Are Supermarkets To Blame For the Obesity Epidemic?

The local supermarket, or rather supermarkets (I can count three that are five minutes from my house), could be making us fat: New research in Scientific Reports suggests that it may not be genetics or our individual lifestyle choices that are behind the obesity epidemic but what City College of New York physicist Hernán Makse calls the “growth of the supermarket economy,”

Much research about obesity has focused on individual factors, such as a person’s genetics or his or her lifestyle choices. Makse and his colleagues instead looked at patterns of food marketing and distribution, to consider how social pressures and collective behavior play a role in people’s eating habits and other behaviors and affect obesity rates.

That is, to what extent is the presence of so many fast food outlets — plus supermarkets stuffed with (it seems) every possible commodity, 24-hour convenience stores, etc. — a factor in the obesity epidemic?

Study About Collective Behavior and Obesity

Drawing on data from by the US Centers for Disease Control Behavior Risk Factor Surveillance Systems for 2004 through 2008, the researchers found that Greene County, Alabama, was the epicenter of the obesity epidemic in that period. They noted two “obesity clusters” of high rates of obesity, each about 1,000 kilometers from the central point, one along the Appalachian Mountains and a second in the lower Mississippi River valley: Neighboring areas, they noted, are likely to have similar percentages of their population who are obese. (A color-coded map charting rising obesity rates in the US is certainly eye-opening.)

From examining the concentration of industries associated with food production and sales (supermarkets, food and beverage stores, restaurants and bars), the researchers found that “areas with above-average concentrations of food-related businesses had high-than-normal prevalence of obesity and diabetes.” If only genetics were the reason for the rise in obesity rates — for the obesity epidemic — they would not have seen the correlations, says Makse.

If Makse’s and his colleagues’ findings are borne out, they provide evidence for the sorts of policies such as New York City Mayor Bloomberg’s proposed ban on large-size sodas, regulations about marketing fast food to children and laws imposing taxes on foods with fat and sugar. Criticism of such bans often takes the form of “it’s up to people to make their own choices” and evokes fears of the “nanny state.”

But consider how just a few decades ago the average size of a soda was a mere percentage of the giant “big gulp” people expect now. Portion sizes for restaurant meals in the US have grown prodigiously. In addressing the obesity epidemic, do we need to look not only at people’s individual choices, but at cultural and societal factors that influence the behavior of an entire community, whether we know it or not?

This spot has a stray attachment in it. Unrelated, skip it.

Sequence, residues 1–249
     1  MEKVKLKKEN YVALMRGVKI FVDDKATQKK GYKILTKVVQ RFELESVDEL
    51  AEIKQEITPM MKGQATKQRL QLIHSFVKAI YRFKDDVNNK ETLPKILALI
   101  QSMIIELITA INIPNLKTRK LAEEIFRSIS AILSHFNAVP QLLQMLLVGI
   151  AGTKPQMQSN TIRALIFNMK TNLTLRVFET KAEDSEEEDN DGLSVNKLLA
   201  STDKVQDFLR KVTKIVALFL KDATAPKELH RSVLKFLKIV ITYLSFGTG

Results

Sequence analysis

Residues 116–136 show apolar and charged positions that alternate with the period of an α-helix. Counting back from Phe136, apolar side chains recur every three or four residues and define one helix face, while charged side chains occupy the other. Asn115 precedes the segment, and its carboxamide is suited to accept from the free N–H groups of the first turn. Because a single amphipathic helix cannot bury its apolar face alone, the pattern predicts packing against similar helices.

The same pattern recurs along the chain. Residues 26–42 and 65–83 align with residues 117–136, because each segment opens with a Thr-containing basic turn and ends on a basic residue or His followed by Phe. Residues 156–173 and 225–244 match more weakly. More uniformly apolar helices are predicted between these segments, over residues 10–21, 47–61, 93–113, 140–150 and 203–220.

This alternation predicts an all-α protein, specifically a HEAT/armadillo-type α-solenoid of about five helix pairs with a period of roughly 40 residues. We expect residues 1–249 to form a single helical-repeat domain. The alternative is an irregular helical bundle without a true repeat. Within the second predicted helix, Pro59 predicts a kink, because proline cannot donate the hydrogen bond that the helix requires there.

Related Care2 Coverage

Are “Healthy” Fast-Food Meals for Kids Really Healthy?

Why It Is In Our Best Economic Interest to Fight Obesity

Are We Fated To Be Fat?


Photo by qmnonic


Oleg Kobetz
Oleg Kobetz2 years ago

Thank you

Oleg Kobetz
Oleg Kobetz2 years ago

Thank you

tin leng lim
tin leng lim3 years ago

Thank you for sharing.

Duane B.
.3 years ago

Thank you for sharing.

Chrissie Hanlon
Chrissie H.3 years ago

Supermarkets offer choice and variety,but we have to be responsible for our own actions'.No one makes us buy the unhealthy foods' which can make us obese. We all know what we should and shouldn't eat without being told,but some carry on buying it regardless. We are masters' of our own destiny...!

Kathy Perez
Kathy Johnson4 years ago

No. The ones to blame are consumers. YOU make the choice to buy and eat fatty foods. YOU make the choice to eat and vegetate rather than exercise and live. YOU make the choice to instill bad eating and exercising habits into your children. Those are YOUR choices. The stores will take advantage of the laziness and greed of consumers. It's how they make money. so stop being over eating lazy consumers. instead be educated, smart, decision-making consumers who eat right and stay active. and STOP BLAMING EVERYONE ELSE for giving you choices that you can't handle

Karin B.
Karin B.4 years ago

I believe that supermarkets are to blame for the obesity problem. They are out to make money off of every lazy person who wants to purchase ready to eat, processed, preservative and sodium laden food instead of wholesome single ingredient foods that need to be cooked. I have a very difficult time in many stores because I do not want ready made foods to throw in the microwave. I enjoy preparing my food myself and watching the salt content... but many of these types of items are not in the supermarkets today and I need to shop online for many of the ingredients. In addition, the excuse that you work hence you do not have time to prepare nutritious home made meals is a bunch of bull - it takes a little preparation but it can be done - I know because I've been doing it my whole life and working an 80 and hour a week job.

Patty C.
Patty Cook4 years ago

Supermarkets are not to blame for obesity. People choose what they want to consume - plain and simple.

June Lacy
June Lacy4 years ago


Carol W.
Carol Wiedemer4 years ago

Absolutely not!!! Their responsibility is to offer the huge variety that we demand. It is then your responsibility to be aware of what you consume. Stop playing the blame game and take responsibility for your actions.